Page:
Above: Walmart Dallas November 21, 2013 From OurWalmart
As Black Friday protests near, a new report reveals Walmart can raise employee wages without costing consumers a dime.
That’s why it’s tricky for corporations’ financially burdened workforce to ask consumers not to shop in the same stores that help keep many of them destitute, which is what Walmart workers at 1,500 stores will be doing this Black Friday. After all, when you’re left fighting over crumbs, it’s difficult to realize that Walmart snuck off with the whole pie.
Walmart and its supporters boast that if the corporation were to pay its workers more, it would have to raise prices for consumers. A few months ago, when Walmart refused to open three stores in Washington, D.C. if proposed living-wage legislation passed, a general manager lamented that paying its workers a living wage “would result in fewer jobs, higher prices and fewer total retail options.”
But a new report by public policy organization Demos reveals that Walmart could raise its workers’ wages without costing consumers a dime. The report, titled “A Higher Wage is Possible: How Walmart Can Invest in Its Workforce Without Costing Customers a Dime,” found that Walmart could raise wages by $5.83 per hour without raising prices. The report revealed that Walmart spends $7.6 billion annually buying back shares of its own stock. Amy Traub, co-author of the report, said share buybacks are “Wall Street financial maneuvers” that are unproductive, and often fail, in the long run, its goal of making its shares worth more. The report quotes a Wall Street Journalbusiness analyst, who wrote:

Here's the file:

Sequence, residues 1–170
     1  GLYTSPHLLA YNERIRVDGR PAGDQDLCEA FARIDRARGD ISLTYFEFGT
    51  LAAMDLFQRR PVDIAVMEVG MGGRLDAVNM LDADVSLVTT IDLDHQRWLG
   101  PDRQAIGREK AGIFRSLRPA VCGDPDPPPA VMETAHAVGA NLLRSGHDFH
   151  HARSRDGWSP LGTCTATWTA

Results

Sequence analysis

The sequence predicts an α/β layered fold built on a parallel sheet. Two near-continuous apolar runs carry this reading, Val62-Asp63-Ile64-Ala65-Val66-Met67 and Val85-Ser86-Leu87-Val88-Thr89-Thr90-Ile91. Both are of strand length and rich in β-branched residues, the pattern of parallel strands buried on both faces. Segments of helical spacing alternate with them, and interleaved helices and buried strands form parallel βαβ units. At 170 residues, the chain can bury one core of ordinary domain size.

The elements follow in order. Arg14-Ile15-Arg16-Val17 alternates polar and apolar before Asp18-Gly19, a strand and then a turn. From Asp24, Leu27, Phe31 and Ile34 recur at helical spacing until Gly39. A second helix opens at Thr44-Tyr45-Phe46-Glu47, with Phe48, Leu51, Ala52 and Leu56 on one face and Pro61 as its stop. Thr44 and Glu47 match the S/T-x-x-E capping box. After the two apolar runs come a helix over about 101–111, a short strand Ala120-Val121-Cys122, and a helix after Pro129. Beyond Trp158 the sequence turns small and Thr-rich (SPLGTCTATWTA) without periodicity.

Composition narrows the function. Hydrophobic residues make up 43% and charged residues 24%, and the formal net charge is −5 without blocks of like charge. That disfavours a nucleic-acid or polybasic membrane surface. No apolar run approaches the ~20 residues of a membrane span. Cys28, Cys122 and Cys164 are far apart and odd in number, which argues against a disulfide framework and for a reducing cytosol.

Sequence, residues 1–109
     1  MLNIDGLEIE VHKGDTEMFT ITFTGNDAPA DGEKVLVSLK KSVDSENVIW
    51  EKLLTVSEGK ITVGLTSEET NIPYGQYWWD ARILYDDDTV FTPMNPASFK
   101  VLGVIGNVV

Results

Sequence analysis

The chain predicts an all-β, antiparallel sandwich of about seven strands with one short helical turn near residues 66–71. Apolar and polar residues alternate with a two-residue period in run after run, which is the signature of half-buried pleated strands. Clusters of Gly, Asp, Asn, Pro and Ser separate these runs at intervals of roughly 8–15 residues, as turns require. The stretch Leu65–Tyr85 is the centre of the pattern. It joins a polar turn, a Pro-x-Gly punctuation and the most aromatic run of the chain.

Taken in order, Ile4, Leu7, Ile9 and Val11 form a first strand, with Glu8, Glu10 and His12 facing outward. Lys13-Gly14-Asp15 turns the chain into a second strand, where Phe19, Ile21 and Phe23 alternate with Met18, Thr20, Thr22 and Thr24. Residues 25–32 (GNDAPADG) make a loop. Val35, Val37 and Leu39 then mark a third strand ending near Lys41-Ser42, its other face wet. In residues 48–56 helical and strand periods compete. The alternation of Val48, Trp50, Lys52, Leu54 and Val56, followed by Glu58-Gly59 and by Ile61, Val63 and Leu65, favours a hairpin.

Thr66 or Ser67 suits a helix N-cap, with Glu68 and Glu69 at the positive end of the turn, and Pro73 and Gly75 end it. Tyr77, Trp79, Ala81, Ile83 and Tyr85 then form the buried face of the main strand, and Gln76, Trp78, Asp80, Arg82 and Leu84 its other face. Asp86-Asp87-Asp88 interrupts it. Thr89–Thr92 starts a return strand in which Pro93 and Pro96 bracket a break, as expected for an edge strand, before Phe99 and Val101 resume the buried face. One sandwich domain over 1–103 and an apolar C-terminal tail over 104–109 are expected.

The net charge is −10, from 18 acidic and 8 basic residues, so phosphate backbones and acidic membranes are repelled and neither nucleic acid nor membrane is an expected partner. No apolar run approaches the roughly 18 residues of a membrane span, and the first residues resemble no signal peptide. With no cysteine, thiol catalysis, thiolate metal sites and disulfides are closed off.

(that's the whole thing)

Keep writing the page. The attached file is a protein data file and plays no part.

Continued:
The evidence overwhelmingly shows that heavy buyback companies usually create less value for shareholders over time… Many managements have become so infatuated with how buybacks increase earnings per share that these distributions are crowding out sound business investments that create more value over time.
Traub said that if Walmart reinvested these billions of dollars in its workforce instead, it would be beneficial to its workers as well to as the economy as a whole.
The Walton family, heirs to the Walmart fortune, is the richest family in the world with a net worth of $144.7 billion — equal to the wealth of 42 percent of Americans. Through share buybacks, the heirs continue to consolidate ownership of the corporation, now owning more than 50 percent of its shares. Walmart, the world’s largest retailer, and the largest private employer in the United States, brings in $17 billion annually.
Meanwhile, it’s estimated that Walmart workers make, on average, around $9 per hour. Walmart U.S. CEO Bill Simon boasted at a conference that 475,000 of its 1.3 million workers get paid more than $25,000, which was taken to mean that the other two-thirds of employees make less. Assuming that Walmart workers make $9.06 per hour, the industry median for low-wage employees of large retailers, the Demos report states that the company could hike pay to $14.89 per hour:
At this rate, any worker placed on the schedule for more than 32 hours a week would bring home $25,000 a year — an important accomplishment in an industry where nearly a third of part-time employees say that they would like to work full-time if their employer would allow them. … Walmart’s workers and their families would clearly be the biggest beneficiaries of a wage increase, but greater investment in the workforces would benefit the company as well.